C.S. Lewis once said, "To be a Christian means to forgive the inexcusable because God has forgiven the inexcusable in you." There is something about forgiveness that makes it one of the most simple concepts to understand, yet one of the most difficult to practice.
Growing up with two siblings, one only a year younger than me, there were countless incidents where my mother had to break up fights over doll clothes or Lincoln Logs versus Legos. I remember my mother would always encourage us to ask for forgiveness, hug each other, and then we could continue playing if we remembered to share. The whole "forgiveness" thing became extremely easy and I learned never to hold grudges.
I would forget people's wrongs towards me, knowing that I had forgiven them and all was well in the world. Forgiveness was easy until one day, someone wronged me to the point where I felt I could not forgive. It was not about Lincoln Logs anymore, it was something that could never be made right, something that could never be forgotten.
How do you forgive someone you do not want to forgive? How do you forgive someone that does not deserve to be forgiven? Here are a few things I learned on my road to forgiveness:
Remember that no human is above forgiving those who wrong them. Think back to a time when you saw a horrible crime reported on the news, something so devastating that an eternal hell seemed like the only just reward for that perpetrator. With that in mind, think of Barabbas or the thieves on the crosses beside Christ when He was crucified. Those men had been responsible for crimes such as robbery, murder, and many more horrible things that caused them to be crucified for their crimes. However, even on the cross Christ showed forgiveness to the unforgivable, loving those who society deemed undeserving.
Christ lovingly told the thief on the cross, "I assure you today, you will be with me in paradise" (Luke 23:43, NLT). Not only did He forgive the man on the cross, He forgave those who nailed Him there, asking the Father to "forgive them, for they don't know what they are doing" (Luke 23:34, NLT).
As evil and unforgivable as someone may seem, we must always remember we are not the ultimate judges of their character, and that even they are children of God, eligible for His forgiveness.
Identifying as a Christian carries the gravest of responsibilities: to represent the character of Christ. It is easy to represent Christ outwardly in our apparel, our speech, or in the way we let others perceive us. Acting is easy and if we could get into heaven through acting alone, many "Pharisee and Sadducees" of our world would be there in a heartbeat. But forgiveness, especially when it comes to serious crimes, cannot be resolved with a simple "I forgive you" and a hug. It requires those who have been wronged to take the first step in saying, "I want to be like Christ and forgive those who wrong me.”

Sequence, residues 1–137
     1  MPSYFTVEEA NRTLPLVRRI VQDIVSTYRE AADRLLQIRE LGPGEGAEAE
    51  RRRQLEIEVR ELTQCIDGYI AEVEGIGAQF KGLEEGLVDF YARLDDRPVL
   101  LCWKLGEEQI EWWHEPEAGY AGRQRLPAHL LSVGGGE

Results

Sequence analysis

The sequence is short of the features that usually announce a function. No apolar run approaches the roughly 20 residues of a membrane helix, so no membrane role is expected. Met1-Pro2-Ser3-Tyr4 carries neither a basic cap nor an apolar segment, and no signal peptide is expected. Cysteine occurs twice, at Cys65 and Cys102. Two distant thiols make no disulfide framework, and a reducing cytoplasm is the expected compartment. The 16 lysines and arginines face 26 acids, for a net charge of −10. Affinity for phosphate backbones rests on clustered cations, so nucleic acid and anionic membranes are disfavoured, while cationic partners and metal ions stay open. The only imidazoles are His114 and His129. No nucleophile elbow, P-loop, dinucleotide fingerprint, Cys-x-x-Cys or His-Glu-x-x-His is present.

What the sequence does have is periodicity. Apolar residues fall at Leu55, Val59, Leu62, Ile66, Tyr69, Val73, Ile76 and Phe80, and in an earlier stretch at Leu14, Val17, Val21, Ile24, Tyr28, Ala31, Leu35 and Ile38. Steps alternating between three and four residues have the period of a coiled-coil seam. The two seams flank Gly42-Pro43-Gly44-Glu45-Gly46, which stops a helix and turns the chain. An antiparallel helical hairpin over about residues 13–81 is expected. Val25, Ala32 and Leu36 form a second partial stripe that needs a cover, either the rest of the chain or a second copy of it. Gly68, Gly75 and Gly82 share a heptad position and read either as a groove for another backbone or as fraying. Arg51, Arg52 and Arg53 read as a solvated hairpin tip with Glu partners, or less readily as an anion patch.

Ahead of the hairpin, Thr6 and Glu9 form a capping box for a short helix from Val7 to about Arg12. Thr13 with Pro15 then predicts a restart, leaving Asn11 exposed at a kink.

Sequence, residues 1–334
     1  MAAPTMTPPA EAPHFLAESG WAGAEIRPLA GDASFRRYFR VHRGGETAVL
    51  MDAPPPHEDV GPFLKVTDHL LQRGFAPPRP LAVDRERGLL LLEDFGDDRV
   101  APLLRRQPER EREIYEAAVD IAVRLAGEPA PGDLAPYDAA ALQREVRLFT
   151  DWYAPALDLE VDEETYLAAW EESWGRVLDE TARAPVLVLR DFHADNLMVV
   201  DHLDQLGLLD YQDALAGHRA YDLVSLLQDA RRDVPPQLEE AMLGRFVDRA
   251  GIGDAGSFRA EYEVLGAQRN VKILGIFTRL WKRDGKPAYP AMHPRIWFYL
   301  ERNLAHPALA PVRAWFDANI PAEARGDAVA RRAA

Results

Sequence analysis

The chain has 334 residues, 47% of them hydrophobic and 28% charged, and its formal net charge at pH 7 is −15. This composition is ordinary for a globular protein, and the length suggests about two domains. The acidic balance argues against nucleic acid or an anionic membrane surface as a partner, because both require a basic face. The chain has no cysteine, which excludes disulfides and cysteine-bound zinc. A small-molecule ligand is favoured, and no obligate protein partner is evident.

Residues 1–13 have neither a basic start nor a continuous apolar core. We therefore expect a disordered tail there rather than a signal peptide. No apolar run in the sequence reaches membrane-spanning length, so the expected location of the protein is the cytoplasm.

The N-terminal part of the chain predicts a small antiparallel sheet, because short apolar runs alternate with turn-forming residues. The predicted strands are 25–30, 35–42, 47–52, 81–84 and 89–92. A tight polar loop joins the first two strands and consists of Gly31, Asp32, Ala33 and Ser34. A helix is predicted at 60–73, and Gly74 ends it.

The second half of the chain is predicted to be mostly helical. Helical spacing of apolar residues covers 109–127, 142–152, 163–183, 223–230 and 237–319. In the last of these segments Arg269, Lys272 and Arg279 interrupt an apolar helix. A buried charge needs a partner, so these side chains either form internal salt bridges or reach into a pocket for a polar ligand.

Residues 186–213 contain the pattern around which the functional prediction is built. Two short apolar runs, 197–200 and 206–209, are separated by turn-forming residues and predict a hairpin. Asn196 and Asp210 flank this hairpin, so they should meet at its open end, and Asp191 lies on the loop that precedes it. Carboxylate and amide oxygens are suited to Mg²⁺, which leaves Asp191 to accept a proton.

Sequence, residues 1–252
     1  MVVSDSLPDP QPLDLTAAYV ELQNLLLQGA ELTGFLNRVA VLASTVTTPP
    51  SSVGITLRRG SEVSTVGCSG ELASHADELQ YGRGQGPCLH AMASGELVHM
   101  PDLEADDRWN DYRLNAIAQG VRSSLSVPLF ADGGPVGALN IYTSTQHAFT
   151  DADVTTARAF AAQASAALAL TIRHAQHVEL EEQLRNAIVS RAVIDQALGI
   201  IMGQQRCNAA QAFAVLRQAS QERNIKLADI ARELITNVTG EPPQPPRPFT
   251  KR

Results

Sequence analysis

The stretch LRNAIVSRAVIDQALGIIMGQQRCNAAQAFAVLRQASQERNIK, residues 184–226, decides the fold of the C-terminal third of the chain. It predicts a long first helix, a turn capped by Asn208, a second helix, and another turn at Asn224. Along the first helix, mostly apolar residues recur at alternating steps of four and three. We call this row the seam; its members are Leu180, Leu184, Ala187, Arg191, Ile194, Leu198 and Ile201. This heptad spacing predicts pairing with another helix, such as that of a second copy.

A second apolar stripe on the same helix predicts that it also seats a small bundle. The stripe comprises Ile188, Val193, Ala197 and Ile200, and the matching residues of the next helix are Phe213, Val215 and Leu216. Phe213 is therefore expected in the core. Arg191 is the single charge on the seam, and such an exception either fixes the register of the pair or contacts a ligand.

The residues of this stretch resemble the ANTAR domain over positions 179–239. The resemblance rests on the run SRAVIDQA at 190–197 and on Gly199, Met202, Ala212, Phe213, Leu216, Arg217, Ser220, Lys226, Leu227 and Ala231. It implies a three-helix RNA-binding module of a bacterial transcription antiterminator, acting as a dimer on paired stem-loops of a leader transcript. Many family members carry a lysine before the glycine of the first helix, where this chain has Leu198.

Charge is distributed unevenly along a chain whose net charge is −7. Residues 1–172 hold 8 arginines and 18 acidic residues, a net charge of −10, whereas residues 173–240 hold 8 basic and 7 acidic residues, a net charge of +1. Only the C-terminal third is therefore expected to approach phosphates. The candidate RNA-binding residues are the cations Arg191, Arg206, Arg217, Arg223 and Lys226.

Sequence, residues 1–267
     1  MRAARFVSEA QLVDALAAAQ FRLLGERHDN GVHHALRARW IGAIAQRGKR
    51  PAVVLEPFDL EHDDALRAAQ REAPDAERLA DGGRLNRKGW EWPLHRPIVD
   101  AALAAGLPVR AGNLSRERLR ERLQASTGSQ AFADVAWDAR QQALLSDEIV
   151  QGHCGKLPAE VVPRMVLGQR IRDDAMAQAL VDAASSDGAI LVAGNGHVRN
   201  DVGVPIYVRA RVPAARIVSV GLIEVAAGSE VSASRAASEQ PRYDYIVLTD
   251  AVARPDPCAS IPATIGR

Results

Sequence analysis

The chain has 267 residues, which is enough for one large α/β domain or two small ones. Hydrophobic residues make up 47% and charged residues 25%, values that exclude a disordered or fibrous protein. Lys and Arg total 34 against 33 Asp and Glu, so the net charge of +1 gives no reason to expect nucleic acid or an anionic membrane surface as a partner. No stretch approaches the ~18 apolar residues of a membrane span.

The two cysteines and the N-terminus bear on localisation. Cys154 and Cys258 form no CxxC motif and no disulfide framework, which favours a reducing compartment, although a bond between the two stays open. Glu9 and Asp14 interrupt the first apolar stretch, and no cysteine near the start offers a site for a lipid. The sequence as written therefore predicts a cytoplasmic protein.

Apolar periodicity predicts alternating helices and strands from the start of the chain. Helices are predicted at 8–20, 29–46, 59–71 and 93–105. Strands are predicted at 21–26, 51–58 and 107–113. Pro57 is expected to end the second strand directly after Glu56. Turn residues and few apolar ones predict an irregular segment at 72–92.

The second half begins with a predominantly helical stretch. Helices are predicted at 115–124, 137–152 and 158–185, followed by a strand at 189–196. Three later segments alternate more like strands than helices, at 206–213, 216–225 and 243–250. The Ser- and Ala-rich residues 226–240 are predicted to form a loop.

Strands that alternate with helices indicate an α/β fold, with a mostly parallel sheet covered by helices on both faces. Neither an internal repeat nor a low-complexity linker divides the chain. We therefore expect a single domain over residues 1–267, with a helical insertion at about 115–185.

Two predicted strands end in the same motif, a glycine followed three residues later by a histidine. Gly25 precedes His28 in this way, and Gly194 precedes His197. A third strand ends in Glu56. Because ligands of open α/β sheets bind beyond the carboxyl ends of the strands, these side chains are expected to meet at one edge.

Many people who have been wronged have never seen earthly justice; perpetrators were never incarcerated and wrongs never justified. In cases such as those, it may seem almost impossible to forgive because we want justice done; we want to see them pay for what we had to suffer. However, that is not the character of Christ. When He forgave on the cross, there was no sudden justice, no correcting the wrongs done against Him. He simply forgave. Although it may seem as though the crime is too hard to forgive, always remember that the Prince of the universe was killed and forgave. Those who claim His character must strive to act as He did.
Trusting the God of Justice
Once I was upset at my sister for poking me in the eye with a screwdriver. Although her toddler form of aggression didn’t leave me blind, I was thoroughly upset at her and at my parents for not spanking her then and there. Although I was young, I could not see the wrong being punished, and I was overwhelmed by a sense of injustice. However, many years later, I was recalling the incident with my mother. When I mentioned my sister's lack of punishment, she went on to tell me that my sister was punished, only I never saw it and that I should have trusted them to have my best interest at heart.
How many times do we not trust God? We see those who wrong us continue to live their lives and prosper while we have to deal with the traumas or other consequences of their wrongs. Why does God not do us justice and strike them dead right there? Why doesn't he allow them to suffer what we suffered, or worse?
If there is on attributes of God that we can count on, that is justice. In Luke 18:7, Christ tells us that "don't you think God will surely give justice to his chosen people who cry out to him day and night? Will he keep putting them off?" (Luke 18:7, NLT). Trust God! Know that although we may not be able to see the future, although we may not be able to see what happens to those who wrong us, God will give justice to those who cry out to him.
It was not an easy thing to forgive the people who hurt me, it took years for me to come to terms with the situation and even longer for me to forgive. I still struggle with emotions and traumas associated with what happened. However, maintaining a relationship with God and claiming His promises to me brought me through it.
The pain of such experiences might never completely go away, the effects of the wrong might continue to shadow your life. Forgiveness will not bring a loved one back, give a little child their innocence, or make your problems any easier to deal with. However, forgiveness will change your life. It will bring healing to the wounded soul. Forgiveness made my relationship with God stronger, knowing that justice was in His hands. Forgiveness helped me understand God's love for me and the sacrifice He made at the cross. Not only that, it changed my attitude in life. It kept me from victimizing myself and allowed me to enjoy happiness in Christ, knowing that He is the balm of Gilead that can heal the most broken of hearts.